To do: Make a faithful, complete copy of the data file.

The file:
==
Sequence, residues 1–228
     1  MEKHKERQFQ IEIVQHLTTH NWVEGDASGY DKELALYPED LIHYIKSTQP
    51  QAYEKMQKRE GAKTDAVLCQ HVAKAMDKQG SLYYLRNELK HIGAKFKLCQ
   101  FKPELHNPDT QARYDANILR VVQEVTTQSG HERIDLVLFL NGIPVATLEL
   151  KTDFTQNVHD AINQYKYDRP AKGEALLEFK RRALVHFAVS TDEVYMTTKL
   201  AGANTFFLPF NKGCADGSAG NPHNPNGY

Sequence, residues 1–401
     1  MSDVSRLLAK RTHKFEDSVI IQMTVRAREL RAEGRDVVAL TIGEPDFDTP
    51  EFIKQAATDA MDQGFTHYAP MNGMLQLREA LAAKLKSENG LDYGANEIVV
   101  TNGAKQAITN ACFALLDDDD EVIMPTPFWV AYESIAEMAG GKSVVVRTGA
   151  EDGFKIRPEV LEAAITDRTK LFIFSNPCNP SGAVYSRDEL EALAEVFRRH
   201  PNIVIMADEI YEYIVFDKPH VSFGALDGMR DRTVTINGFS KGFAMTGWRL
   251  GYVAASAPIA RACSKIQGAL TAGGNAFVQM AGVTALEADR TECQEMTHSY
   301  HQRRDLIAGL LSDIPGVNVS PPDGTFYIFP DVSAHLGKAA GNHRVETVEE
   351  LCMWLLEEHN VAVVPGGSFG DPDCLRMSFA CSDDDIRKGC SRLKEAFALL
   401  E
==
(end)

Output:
Sequence, residues 1–228
     1  MEKHKERQFQ IEIVQHLTTH NWVEGDASGY DKELALYPED LIHYIKSTQP
    51  QAYEKMQKRE GAKTDAVLCQ HVAKAMDKQG SLYYLRNELK HIGAKFKLCQ
   101  FKPELHNPDT QARYDANILR VVQEVTTQSG HERIDLVLFL NGIPVATLEL
   151  KTDFTQNVHD AINQYKYDRP AKGEALLEFK RRALVHFAVS TDEVYMTTKL
   201  AGANTFFLPF NKGCADGSAG NPHNPNGY

Sequence, residues 1–401
     1  MSDVSRLLAK RTHKFEDSVI IQMTVRAREL RAEGRDVVAL TIGEPDFDTP
    51  EFIKQAATDA MDQGFTHYAP MNGMLQLREA LAAKLKSENG LDYGANEIVV
   101  TNGAKQAITN ACFALLDDDD EVIMPTPFWV AYESIAEMAG GKSVVVRTGA
   151  EDGFKIRPEV LEAAITDRTK LFIFSNPCNP SGAVYSRDEL EALAEVFRRH
   201  PNIVIMADEI YEYIVFDKPH VSFGALDGMR DRTVTINGFS KGFAMTGWRL
   251  GYVAASAPIA RACSKIQGAL TAGGNAFVQM AGVTALEADR TECQEMTHSY
   301  HQRRDLIAGL LSDIPGVNVS PPDGTFYIFP DVSAHLGKAA GNHRVETVEE
   351  LCMWLLEEHN VAVVPGGSFG DPDCLRMSFA CSDDDIRKGC SRLKEAFALL
   401  E